Along with Mirren, who plays British monarch Elizabeth II in "The Queen," best-actress nominees were Penelope Cruz as a woman dealing with bizarre domestic crises in "Volver"; Judi Dench as a scheming teacher in "Notes on a Scandal"; Meryl Streep as a tyrannical boss in "The Devil Wears Prada"; and Kate Winslet as a housewife in an affair with a neighbor in "Little Children."
Whitaker was nominated for best actor as Ugandan dictator Idi Amin in "The Last King of Scotland," while DiCaprio was chosen for playing a mercenary on a quest for a rare gem in "Blood Diamond." Also nominated were Ryan Gosling as a teacher with a drug addiction in "Half Nelson"; Peter O'Toole as a lecherous old actor in "Venus"; and Will Smith as a homeless dad in "The Pursuit of Happyness."
It was the eighth nomination for O'Toole, and another loss would put him in the record books as the actor with the most nominations without a win.
"If you fail the first time, try, try, try, try, try, try, try again," O'Toole said in a statement.
This finally may be the year for "The Departed" filmmaker Martin Scorsese, tied with four other directors for the Oscar-futility record of five nominations and five losses.
"The Departed" marks Scorsese's return to the cops-and-mobsters genre he mastered in decades past and is considered his best shot to finally win an Oscar, though a sixth defeat would put him alone in the record book as the losingest director ever.
"He's been overlooked too long," said DiCaprio, the star of Scorsese's last three movies. "He's deserved it many times before. I couldn't be more happy for this film and for Marty. I've been blessed to have worked with him. But I'm done trying to predict what I think he deserves. Ultimately, it's beyond anybody's control, I guess."
Clint Eastwood, who won the best-director prize two years ago for "Million Dollar Baby" over Scorsese for "The Aviator," scored another directing nomination for "Letters From Iwo Jima," something of a surprise considering the Directors Guild of America overlooked him.
The Japanese-language "Letters" wound up overshadowing his higher-profile companion film "Flags of Our Fathers" in awards season.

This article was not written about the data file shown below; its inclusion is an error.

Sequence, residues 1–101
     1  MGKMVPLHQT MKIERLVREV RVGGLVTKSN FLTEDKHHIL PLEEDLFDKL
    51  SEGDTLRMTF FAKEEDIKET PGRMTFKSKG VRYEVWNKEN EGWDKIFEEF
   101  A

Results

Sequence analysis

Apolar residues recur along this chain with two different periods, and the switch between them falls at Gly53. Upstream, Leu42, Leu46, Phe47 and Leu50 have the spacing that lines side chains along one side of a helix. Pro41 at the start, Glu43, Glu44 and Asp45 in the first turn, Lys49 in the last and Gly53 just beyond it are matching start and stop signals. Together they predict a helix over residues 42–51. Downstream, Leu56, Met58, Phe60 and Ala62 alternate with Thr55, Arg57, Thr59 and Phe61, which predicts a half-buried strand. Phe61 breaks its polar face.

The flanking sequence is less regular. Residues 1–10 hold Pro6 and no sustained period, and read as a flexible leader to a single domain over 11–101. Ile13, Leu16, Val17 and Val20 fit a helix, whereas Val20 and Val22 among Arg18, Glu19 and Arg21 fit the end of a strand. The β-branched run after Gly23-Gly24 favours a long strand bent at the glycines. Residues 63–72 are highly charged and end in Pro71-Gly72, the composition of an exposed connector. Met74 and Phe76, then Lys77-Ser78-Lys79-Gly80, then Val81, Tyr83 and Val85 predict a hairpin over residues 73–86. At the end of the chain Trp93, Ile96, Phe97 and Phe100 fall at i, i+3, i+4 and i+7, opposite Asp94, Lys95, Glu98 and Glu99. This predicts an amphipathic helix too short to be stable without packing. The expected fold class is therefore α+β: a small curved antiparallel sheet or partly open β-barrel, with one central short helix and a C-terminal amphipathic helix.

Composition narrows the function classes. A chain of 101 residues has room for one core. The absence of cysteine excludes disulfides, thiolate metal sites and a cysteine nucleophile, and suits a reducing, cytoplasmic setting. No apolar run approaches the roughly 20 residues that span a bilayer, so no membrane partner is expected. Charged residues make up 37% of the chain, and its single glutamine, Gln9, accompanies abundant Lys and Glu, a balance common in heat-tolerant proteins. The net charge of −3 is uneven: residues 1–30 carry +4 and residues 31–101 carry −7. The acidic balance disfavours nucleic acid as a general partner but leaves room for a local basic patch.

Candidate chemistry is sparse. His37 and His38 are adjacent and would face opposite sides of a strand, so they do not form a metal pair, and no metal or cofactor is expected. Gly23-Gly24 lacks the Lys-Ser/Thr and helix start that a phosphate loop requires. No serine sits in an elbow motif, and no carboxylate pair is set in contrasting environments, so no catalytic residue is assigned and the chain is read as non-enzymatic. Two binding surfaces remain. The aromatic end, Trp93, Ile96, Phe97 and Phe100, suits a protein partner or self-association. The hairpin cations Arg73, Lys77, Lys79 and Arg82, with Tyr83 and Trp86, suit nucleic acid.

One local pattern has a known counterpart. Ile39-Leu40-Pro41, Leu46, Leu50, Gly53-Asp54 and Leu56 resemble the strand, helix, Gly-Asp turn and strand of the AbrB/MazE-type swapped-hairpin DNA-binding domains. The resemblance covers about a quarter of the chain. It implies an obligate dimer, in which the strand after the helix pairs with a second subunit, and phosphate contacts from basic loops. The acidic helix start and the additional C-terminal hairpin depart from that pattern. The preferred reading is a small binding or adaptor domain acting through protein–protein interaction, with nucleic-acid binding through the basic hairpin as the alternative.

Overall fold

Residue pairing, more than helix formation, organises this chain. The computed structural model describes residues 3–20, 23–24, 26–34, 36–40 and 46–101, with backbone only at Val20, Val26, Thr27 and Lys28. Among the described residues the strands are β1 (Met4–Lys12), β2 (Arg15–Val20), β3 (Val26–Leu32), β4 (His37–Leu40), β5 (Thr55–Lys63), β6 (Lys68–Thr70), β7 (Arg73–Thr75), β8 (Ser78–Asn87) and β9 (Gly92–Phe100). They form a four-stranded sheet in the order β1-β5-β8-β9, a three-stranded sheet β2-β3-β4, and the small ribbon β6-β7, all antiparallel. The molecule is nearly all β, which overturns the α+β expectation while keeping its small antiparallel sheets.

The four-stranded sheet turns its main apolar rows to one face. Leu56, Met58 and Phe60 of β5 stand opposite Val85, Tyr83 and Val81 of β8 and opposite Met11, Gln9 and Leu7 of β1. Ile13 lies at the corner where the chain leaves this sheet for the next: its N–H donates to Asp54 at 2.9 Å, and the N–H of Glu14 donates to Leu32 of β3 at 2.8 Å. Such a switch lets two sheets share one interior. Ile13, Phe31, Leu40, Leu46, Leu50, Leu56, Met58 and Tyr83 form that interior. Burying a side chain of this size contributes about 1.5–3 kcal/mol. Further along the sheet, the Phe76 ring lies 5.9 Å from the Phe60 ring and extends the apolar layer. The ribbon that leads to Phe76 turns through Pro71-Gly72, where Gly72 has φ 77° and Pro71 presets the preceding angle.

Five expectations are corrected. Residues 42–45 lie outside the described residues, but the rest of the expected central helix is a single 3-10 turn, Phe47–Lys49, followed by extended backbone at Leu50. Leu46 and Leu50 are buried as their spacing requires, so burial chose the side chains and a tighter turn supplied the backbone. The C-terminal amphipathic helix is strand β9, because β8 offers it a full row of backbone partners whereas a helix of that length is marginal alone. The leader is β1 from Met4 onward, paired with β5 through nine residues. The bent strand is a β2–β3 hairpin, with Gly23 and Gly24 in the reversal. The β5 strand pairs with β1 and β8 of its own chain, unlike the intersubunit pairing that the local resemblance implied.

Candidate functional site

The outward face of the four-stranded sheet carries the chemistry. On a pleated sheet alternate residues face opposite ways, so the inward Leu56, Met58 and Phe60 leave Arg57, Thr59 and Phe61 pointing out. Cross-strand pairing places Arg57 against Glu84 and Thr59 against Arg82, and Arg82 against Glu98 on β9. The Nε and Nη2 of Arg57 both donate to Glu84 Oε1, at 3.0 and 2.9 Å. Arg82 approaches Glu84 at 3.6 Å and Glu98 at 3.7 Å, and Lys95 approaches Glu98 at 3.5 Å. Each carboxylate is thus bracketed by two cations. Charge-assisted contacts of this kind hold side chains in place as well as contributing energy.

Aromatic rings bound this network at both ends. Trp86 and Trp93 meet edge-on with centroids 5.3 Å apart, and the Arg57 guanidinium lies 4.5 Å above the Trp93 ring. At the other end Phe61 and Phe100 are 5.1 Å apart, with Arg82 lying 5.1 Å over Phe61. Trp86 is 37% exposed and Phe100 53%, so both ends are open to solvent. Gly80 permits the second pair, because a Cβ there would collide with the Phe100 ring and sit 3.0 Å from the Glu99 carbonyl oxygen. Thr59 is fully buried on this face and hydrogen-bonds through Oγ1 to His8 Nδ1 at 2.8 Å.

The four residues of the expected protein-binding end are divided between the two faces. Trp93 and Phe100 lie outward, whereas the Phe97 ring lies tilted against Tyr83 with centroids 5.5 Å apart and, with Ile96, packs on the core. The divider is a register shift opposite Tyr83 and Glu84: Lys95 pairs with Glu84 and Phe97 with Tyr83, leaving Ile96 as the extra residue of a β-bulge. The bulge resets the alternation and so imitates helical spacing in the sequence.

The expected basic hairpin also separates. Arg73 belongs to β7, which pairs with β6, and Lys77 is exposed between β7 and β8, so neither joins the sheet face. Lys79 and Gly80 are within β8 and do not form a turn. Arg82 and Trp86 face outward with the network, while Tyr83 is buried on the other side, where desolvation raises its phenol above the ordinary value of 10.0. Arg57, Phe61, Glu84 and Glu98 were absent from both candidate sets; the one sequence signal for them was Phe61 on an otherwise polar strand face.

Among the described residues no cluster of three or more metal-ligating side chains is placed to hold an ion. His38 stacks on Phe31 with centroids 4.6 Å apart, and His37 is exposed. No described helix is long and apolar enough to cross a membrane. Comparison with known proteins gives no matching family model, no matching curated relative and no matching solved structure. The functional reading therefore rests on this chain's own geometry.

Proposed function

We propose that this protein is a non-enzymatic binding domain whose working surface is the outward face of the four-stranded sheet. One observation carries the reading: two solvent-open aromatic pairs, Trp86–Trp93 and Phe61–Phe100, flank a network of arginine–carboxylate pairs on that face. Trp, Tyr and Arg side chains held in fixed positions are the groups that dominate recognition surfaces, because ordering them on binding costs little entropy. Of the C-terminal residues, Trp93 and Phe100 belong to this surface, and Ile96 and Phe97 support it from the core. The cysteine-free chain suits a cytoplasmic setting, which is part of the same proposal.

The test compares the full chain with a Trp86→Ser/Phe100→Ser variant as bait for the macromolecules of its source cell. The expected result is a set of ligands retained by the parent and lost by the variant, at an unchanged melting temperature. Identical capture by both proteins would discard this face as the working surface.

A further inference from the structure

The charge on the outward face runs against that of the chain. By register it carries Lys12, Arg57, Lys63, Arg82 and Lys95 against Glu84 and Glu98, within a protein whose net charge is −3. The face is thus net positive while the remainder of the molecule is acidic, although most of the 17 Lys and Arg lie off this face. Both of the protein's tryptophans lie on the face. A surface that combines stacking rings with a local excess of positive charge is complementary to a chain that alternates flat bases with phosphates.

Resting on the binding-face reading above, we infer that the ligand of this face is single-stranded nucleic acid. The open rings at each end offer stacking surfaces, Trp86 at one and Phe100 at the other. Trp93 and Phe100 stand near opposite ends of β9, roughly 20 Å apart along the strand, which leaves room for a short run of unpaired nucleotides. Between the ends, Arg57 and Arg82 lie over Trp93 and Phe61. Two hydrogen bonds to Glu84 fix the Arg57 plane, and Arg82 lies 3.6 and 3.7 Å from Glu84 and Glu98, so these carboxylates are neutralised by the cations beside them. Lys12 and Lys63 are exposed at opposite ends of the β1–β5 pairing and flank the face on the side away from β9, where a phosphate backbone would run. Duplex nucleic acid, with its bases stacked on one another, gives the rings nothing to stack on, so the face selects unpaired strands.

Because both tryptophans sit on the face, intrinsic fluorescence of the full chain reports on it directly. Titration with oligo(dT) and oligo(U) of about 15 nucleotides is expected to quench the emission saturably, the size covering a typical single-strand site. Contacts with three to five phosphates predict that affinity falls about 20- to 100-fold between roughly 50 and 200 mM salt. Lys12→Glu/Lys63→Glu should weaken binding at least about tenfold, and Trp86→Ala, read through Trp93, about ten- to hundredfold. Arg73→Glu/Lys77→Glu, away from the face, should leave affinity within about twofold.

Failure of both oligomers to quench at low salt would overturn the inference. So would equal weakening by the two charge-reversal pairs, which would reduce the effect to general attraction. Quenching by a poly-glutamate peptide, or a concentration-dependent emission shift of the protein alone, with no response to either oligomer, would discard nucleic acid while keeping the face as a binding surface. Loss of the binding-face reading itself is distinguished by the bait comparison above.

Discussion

"It was kind of strange, the whole thing. It was sort of the second-cousin film," Eastwood said. "`Letters' was the smaller brother, but by the same token, it was a really good script."
Among other surprises and intriguing turns: Ten-year-old Abigail Breslin became the fourth-youngest actress ever nominated, earning a supporting slot for "Little Miss Sunshine"; Mark Wahlberg scored a supporting-actor nomination over top-billed co-stars DiCaprio, Matt Damon and Jack Nicholson for "The Departed"; past winner and Oscar darling Pedro Almodovar's "Volver," which had been considered a possible front-runner for the foreign-language prize, was not nominated; and two new faces to U.S. audiences, "Babel" co-stars Adriana Barraza and Rinko Kikuchi both were nominated for supporting actress.
When Barraza learned of her nomination, "I screamed and I jumped and I cried and kissed my husband many times," she said.
A longshot came in with the best-actor nomination for Gosling in "Half Nelson," a little-seen independent drama. Gosling was on the phone with his manager when he learned of his nomination, then he immediately heard tires squeal and a car crash outside his window, where a motorcycle policeman had been hit by a van.
"I was fielding all these congratulatory phone calls and watching this guy put into an ambulance, so it was a real conflict of emotion," Gosling said. "Then I saw on the news that he had just broken his arm. I felt like it turned out to be a pretty good day for both of us."